Washington, DC – Indian Prime Minister Narendra Modi recently announced his new cabinet which included most of the expected Bharatiya Janata Party (BJP) veterans such as Amit Shah, Rajnath Singh and Nitin Gadkari. There was, however a choice that caught international attention – former foreign secretary and veteran diplomat, Subrahmanyam Jaishankar.
Jaishankar is a well-known retired bureaucrat (77 batch) across the spectrum of global capitals as he was India’s ambassador to both the US and China, among other countries. He is credited with some excellent tough negotiations on behalf of India – for example diffusing tensions with China in 2017 over the border standoff on Doklam plateau, and earlier brokering the historic India-US nuclear deal during the prime ministership of Manmohan Singh. To a discerning eye, it didn’t escape the attention that former prime minister Singh was one of the first to congratulate him as he stepped off the stage after taking the oath.
Earlier as India’s envoy in Beijing in November 2011, Jaishankar officially came across Modi during his visit to China as Gujarat Chief Minister. In the US, we remember the unflinching efforts of Jaishankar during his tenure here in 2014 in organizing the hugely successful first visit of Narendra Modi, when the “rockstar” prime minister enthralled Indian diaspora at the Madison Square Garden in New York. Jaishankar was called to Delhi soon after Modi’s visit to the US and appointed as Foreign Secretary. He replaced Sujatha Singh who was removed six months before the end of her term.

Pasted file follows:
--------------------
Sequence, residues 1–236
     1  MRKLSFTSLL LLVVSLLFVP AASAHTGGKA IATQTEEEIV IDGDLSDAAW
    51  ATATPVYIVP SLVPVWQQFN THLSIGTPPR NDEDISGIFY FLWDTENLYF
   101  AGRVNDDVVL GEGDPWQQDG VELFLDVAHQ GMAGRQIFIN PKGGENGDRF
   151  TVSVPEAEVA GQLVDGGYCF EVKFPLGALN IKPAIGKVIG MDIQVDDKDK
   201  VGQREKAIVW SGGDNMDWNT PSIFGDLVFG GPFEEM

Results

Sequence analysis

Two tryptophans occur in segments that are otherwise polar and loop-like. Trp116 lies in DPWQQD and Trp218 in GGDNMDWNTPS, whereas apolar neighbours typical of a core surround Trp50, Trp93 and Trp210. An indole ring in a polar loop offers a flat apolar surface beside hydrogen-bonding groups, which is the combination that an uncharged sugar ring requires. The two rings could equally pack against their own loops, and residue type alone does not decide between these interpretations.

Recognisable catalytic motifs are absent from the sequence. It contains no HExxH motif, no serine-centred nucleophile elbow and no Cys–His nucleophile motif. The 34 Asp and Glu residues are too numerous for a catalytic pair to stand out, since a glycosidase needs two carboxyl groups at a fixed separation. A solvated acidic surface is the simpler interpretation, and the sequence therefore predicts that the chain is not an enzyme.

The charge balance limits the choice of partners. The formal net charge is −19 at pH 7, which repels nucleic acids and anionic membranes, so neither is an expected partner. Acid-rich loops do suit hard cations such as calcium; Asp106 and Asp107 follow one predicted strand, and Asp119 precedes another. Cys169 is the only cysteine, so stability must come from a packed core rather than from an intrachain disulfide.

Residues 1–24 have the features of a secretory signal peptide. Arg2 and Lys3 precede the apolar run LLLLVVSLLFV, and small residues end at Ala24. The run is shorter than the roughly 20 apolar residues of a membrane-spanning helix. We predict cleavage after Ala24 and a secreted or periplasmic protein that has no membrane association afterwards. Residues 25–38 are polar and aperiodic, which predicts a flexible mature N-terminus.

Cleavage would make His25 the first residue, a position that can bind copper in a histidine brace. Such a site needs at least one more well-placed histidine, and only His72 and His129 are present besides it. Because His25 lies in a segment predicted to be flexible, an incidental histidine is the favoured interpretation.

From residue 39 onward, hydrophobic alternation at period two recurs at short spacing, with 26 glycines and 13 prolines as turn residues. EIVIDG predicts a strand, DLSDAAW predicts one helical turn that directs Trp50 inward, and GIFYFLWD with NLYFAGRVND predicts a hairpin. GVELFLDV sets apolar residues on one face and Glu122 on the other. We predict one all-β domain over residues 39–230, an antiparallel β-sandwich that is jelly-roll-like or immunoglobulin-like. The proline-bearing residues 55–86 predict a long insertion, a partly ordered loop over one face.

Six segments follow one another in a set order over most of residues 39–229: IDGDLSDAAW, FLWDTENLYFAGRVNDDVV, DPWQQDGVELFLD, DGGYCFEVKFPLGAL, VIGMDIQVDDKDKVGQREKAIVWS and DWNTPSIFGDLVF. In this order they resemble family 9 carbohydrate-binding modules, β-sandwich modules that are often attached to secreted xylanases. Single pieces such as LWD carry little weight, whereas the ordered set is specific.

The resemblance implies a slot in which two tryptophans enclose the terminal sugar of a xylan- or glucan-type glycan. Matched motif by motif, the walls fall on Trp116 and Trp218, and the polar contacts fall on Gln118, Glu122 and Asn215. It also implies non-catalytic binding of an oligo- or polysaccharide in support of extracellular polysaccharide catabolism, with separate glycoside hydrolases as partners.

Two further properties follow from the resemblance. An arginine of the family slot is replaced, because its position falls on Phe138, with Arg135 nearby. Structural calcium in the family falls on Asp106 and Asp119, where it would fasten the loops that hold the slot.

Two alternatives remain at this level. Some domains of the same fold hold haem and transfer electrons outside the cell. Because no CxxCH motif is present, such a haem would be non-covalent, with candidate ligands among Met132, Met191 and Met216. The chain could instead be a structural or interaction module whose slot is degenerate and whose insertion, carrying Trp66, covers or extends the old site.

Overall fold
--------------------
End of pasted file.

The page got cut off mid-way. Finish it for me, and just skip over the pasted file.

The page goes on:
Incoming Finance Minister Nirmala Sitharaman has a tough domestic task cut out for her. India was the world’s fastest growing economy in the recent past as it was racing to hold its Festival of Democracy, but post-election official data now shows that glowing picture of the growing Indian economy has dimmed as it grew slower than expected in the first three months of 2019.
After Modi had secured a second term, the official data came out showing the economy grew 5.8 percent, down from 6.6 percent in the previous quarter while the pundits were expecting 6.3 percent growth in the the said quarter.
With these figures, the incoming Finance Minister Sitharaman, the Prime Minister Modi and the Reserve Bank of India are facing a task to provide stimulus to the economy as India’s domestic consumption drives the Indian economic growth.
Sitharaman previously held the commerce and defense ministries during Modi’s first term, and she now takes over the reins of a faltering economy which has suffered on many fronts resulting in the worst unemployment figures in years. To revive the economy and generate jobs on a war-footing will be a challenge for the new finance minister Sitharaman, the second woman to hold the post after former Prime Minister Indira Gandhi.
We wish Indian Prime Minister Modi and his cabinet the best in the Modi 2.0 term.
(This appeared as editorial in June print edition)